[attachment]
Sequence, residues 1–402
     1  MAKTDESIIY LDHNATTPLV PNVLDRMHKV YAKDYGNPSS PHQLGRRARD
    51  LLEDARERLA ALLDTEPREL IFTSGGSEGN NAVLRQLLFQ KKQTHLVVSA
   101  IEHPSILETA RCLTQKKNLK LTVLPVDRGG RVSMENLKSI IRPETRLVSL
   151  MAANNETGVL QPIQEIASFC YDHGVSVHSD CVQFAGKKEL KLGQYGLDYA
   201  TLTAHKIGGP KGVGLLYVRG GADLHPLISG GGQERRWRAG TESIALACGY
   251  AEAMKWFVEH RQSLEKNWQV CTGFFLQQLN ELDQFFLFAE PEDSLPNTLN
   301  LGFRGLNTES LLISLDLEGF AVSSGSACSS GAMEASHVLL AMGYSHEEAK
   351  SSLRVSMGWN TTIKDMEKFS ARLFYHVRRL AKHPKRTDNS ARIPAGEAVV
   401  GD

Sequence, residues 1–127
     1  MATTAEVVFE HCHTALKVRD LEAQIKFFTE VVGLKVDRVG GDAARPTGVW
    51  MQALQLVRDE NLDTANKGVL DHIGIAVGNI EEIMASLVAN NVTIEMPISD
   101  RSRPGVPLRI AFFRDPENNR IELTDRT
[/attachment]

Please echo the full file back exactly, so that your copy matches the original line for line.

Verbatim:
Sequence, residues 1–402
     1  MAKTDESIIY LDHNATTPLV PNVLDRMHKV YAKDYGNPSS PHQLGRRARD
    51  LLEDARERLA ALLDTEPREL IFTSGGSEGN NAVLRQLLFQ KKQTHLVVSA
   101  IEHPSILETA RCLTQKKNLK LTVLPVDRGG RVSMENLKSI IRPETRLVSL
   151  MAANNETGVL QPIQEIASFC YDHGVSVHSD CVQFAGKKEL KLGQYGLDYA
   201  TLTAHKIGGP KGVGLLYVRG GADLHPLISG GGQERRWRAG TESIALACGY
   251  AEAMKWFVEH RQSLEKNWQV CTGFFLQQLN ELDQFFLFAE PEDSLPNTLN
   301  LGFRGLNTES LLISLDLEGF AVSSGSACSS GAMEASHVLL AMGYSHEEAK
   351  SSLRVSMGWN TTIKDMEKFS ARLFYHVRRL AKHPKRTDNS ARIPAGEAVV
   401  GD

Sequence, residues 1–127
     1  MATTAEVVFE HCHTALKVRD LEAQIKFFTE VVGLKVDRVG GDAARPTGVW
    51  MQALQLVRDE NLDTANKGVL DHIGIAVGNI EEIMASLVAN NVTIEMPISD
   101  RSRPGVPLRI AFFRDPENNR IELTDRT